13 May 2016
Michael Johnson is a 2nd year PhD researcher in Chemical Engineering at the University of Leeds. His PhD concerns the retention and release of hydrogen from nuclear legacy waste. In 2015 he was awarded a Rideal Travel Bursary to attend Waste Management 2016, which took place between 6 and 10 March 2016 in Phoenix, Arizona, USA. Here, he describes how his experience at the conference gave him exposure to an international audience.
‘In late 2015 the award of an SCI/RSC Rideal Trust travel grant enabled me to present a paper and poster at Waste Management 2016 in Phoenix, Arizona, the premier international conference for the management of radioactive materials. My research on legacy waste is a subject of economic and safety interest in every country that was engaged in the early years of nuclear, notably America and the UK. Consequently, many scientists and engineers conducting related research at the national laboratories in America took interest in the work and I received very useful feedback from some of the prominent researchers in the field. Seven other presenters shared research on hydrogen hazards in different nuclear waste environments, opening a constructive dialogue in my area of research.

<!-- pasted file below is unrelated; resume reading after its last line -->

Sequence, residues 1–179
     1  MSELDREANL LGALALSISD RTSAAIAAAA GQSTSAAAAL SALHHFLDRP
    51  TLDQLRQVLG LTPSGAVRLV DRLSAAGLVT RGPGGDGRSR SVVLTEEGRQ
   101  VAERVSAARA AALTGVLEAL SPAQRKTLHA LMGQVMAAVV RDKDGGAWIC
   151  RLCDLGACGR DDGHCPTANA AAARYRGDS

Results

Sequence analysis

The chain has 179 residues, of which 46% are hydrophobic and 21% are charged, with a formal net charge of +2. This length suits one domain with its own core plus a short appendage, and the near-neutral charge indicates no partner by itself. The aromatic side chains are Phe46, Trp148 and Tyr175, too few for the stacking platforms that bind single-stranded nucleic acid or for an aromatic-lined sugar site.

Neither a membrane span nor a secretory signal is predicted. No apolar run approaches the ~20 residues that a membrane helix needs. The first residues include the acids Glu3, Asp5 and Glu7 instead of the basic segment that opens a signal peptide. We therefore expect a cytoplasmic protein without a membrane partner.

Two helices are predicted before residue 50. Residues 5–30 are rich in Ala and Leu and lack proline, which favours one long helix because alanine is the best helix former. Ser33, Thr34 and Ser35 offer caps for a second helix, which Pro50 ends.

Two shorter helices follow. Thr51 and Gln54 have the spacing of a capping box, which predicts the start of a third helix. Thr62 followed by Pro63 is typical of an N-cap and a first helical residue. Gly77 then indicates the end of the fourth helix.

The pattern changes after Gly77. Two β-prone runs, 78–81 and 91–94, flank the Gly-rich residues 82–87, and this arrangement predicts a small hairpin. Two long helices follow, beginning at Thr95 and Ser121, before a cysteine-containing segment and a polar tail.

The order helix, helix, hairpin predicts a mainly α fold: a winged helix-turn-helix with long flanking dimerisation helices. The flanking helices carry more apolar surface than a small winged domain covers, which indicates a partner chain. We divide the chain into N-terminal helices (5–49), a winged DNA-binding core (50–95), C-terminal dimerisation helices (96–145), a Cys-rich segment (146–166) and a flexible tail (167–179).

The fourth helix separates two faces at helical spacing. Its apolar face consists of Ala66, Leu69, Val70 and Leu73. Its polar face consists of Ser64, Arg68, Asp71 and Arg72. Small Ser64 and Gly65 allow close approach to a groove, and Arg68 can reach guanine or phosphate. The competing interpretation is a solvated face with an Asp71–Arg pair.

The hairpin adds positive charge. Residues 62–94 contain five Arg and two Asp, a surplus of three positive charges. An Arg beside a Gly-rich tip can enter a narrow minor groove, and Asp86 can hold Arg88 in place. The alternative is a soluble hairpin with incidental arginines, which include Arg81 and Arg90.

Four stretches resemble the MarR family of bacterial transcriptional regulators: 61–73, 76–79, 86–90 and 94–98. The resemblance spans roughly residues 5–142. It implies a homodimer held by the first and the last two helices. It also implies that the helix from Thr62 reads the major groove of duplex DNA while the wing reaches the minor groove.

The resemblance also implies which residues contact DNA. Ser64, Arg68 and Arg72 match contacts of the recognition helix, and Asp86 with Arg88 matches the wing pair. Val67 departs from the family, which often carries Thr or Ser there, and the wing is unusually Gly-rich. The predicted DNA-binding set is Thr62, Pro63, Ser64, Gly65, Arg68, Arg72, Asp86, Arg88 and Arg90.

‘At the conference I attended varied talks on topics ranging from the chemistry that governs high level waste immobilisation in America to radioactive effluent treatment at Fukushima Daiichi, so there was much to learn beyond the talks linked to my own research topic. The conference was well attended by industrialists as well as researchers and I had extended conversations with engineers from large consultancies, such as Arup, who are consulting on similar waste remediation projects to my own.
‘The scale of the conference was far beyond any I had previously experienced, with over 3000 papers presented from 30 countries and over 100 exhibitors from industry. Attendance could not have been harmed by the glorious Phoenix weather or the conference organised trip to the Grand Canyon, which was quite stunning.
‘Attending the conference in Phoenix enabled me to bookend the event with other exciting opportunities for professional development during my stay in America. Prior to conference I visited Richland, Washington, where US Department of Energy representatives gave me a tour around the Hanford nuclear site, which houses 2/3 of America’s high level waste. This was particularly beneficial to my research as the Pacific Northwest National Laboratory, also based at Richland, are prolific publishers in my field and are enthusiastic to collaborate on future work. Following the conference, I was also invited to give two presentations on nuclear waste issues in the UK and America at Missouri University of Science and Technology.
‘I am very grateful to the RSC and SCI for the award of a Rideal Travel Bursary in support of my attendance at WM 2016. Following my experience in America I have ongoing correspondence with researchers and industrialists which I’m sure will greatly benefit me in the future.’
PhD Researcher, University of Leeds